Queensland barrister uses 200-year-old law to challenge speeding fine
Article from Brisbane Times.
A top Queensland barrister will use case law dating back 200 years to try to avoid a $146 speeding fine.
Tony Morris, QC, is mounting a landmark legal challenge against Queensland’s speed-camera laws, News Corp reports.
Mr Morris says he wasn’t driving when his Volvo was photographed doing 57km/h in a 50km/h zone last year.
But he won’t say who was behind the wheel.
He has invoked a spousal privilege case from 1817, arguing it’s unconstitutional for a Queensland court to fine him when there’s evidence he was not the driver.
He says he was in a meeting with top judges when the Volvo was snapped, and they are willing to testify that he was with them.
He argues the spousal privilege principle, established in England 200 years ago, means a husband can’t be compelled to provide information that incriminates his wife.
“I decline to identify the person who was in charge of the vehicle at the relevant time,” Mr Morris reportedly wrote in a letter to the Department of Transport.
Queensland Attorney-General Yvette D’Ath said any individual had the right to challenge a decision of the court.
“And he has taken that opportunity to do so, so we need to let the court do its work and we will wait and see what those decisions are and what the implications are of that decision,” she said.
“I am not going to pre-empt and I have made it clear as the Attorney General I am not going to give running commentary on proceedings before the courts. Let’s wait and see. There are a lot of hypotheticals that could come out of this.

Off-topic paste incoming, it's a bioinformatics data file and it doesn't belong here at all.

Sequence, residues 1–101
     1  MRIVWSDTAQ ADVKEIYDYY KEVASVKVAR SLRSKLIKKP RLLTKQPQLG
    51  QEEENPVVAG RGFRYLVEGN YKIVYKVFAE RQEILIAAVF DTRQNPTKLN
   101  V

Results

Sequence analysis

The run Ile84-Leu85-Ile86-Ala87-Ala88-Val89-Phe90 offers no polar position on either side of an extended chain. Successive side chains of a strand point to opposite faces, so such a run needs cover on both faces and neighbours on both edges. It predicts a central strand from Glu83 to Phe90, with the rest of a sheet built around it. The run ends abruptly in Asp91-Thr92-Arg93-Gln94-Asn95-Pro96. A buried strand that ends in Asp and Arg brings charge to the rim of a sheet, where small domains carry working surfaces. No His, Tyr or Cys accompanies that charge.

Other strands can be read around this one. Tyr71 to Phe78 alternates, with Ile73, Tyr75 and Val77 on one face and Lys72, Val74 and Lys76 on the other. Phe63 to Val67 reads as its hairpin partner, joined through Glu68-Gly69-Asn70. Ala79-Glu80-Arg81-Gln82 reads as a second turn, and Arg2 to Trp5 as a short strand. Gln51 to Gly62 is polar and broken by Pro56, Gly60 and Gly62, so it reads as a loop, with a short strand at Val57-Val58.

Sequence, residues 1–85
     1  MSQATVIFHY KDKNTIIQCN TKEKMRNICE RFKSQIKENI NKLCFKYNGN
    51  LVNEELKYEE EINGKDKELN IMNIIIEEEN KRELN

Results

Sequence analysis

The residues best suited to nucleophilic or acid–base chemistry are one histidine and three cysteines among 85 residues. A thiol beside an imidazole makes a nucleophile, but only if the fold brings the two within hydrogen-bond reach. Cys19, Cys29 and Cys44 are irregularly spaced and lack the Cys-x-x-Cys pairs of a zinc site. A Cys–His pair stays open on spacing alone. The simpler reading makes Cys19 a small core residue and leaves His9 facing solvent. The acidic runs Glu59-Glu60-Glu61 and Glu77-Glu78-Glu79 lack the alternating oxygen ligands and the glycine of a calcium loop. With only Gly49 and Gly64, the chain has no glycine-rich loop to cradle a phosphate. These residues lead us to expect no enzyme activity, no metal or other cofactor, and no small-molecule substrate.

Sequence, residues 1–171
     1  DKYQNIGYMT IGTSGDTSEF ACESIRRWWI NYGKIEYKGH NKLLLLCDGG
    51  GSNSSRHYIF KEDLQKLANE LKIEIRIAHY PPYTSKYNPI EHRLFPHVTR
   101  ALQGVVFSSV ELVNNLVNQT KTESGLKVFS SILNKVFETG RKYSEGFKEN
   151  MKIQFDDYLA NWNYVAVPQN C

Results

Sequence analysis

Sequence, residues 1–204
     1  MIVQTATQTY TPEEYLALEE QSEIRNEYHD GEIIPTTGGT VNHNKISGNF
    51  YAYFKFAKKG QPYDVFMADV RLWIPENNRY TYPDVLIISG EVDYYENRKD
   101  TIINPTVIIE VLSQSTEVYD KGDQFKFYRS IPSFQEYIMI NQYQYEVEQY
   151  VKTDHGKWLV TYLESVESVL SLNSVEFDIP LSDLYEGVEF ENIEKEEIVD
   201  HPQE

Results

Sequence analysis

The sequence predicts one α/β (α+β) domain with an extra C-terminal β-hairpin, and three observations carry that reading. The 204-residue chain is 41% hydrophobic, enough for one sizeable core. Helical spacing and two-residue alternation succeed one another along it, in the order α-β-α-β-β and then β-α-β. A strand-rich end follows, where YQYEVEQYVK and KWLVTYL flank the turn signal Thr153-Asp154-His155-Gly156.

“Mr Morris has chosen to proceed and, at a lot of expense, to challenge this particular issue and that is his prerogative to do so, but I am not going to pre-empt what that decision might be.
“If a decision comes down and it means we need to re-look at the legislation, we’ll look at the legislation.”
Earlier this year, Mr Morris wrote to federal, state and territory attorneys-general saying he planned to challenge parts of Queensland’s speed-camera laws.
Under the laws, the registered owner of a car has two options: name the driver or say they don’t know who was driving.
Car owners can’t, under the law, say they know who the driver was but refuse to give a name.
Mr Morris has told News Corp he can’t see why he should dob someone in for driving the car when the legislation is invalid.
He said the Volvo caught by the speed camera was not his usual car, but would not tell the paper who usually drove it.
The case will go to the Court of Appeal within weeks.
Amy Remeikis and AAP
Video available on the Brisbane Times website, the source of this article.